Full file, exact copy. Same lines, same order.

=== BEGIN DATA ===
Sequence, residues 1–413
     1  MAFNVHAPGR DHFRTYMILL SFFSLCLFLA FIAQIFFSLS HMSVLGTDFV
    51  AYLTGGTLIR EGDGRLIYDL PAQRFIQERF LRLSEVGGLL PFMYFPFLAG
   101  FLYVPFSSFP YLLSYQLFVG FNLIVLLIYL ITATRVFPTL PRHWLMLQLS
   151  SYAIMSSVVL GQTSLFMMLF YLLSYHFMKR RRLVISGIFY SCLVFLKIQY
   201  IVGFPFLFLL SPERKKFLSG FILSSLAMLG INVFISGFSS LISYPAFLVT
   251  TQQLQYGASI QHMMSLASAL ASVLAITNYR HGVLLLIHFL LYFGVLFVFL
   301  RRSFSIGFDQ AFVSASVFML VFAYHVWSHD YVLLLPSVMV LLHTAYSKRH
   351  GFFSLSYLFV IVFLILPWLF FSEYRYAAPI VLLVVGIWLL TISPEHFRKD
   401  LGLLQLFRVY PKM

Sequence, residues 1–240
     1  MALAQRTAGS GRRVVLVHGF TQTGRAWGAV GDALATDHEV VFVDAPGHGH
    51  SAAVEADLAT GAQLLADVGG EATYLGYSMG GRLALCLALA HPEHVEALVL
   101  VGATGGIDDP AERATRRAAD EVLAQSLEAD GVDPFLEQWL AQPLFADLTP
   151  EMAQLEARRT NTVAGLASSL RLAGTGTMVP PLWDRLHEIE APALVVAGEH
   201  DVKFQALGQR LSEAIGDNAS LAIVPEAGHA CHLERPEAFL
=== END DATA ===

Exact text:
Sequence, residues 1–413
     1  MAFNVHAPGR DHFRTYMILL SFFSLCLFLA FIAQIFFSLS HMSVLGTDFV
    51  AYLTGGTLIR EGDGRLIYDL PAQRFIQERF LRLSEVGGLL PFMYFPFLAG
   101  FLYVPFSSFP YLLSYQLFVG FNLIVLLIYL ITATRVFPTL PRHWLMLQLS
   151  SYAIMSSVVL GQTSLFMMLF YLLSYHFMKR RRLVISGIFY SCLVFLKIQY
   201  IVGFPFLFLL SPERKKFLSG FILSSLAMLG INVFISGFSS LISYPAFLVT
   251  TQQLQYGASI QHMMSLASAL ASVLAITNYR HGVLLLIHFL LYFGVLFVFL
   301  RRSFSIGFDQ AFVSASVFML VFAYHVWSHD YVLLLPSVMV LLHTAYSKRH
   351  GFFSLSYLFV IVFLILPWLF FSEYRYAAPI VLLVVGIWLL TISPEHFRKD
   401  LGLLQLFRVY PKM

Sequence, residues 1–240
     1  MALAQRTAGS GRRVVLVHGF TQTGRAWGAV GDALATDHEV VFVDAPGHGH
    51  SAAVEADLAT GAQLLADVGG EATYLGYSMG GRLALCLALA HPEHVEALVL
   101  VGATGGIDDP AERATRRAAD EVLAQSLEAD GVDPFLEQWL AQPLFADLTP
   151  EMAQLEARRT NTVAGLASSL RLAGTGTMVP PLWDRLHEIE APALVVAGEH
   201  DVKFQALGQR LSEAIGDNAS LAIVPEAGHA CHLERPEAFL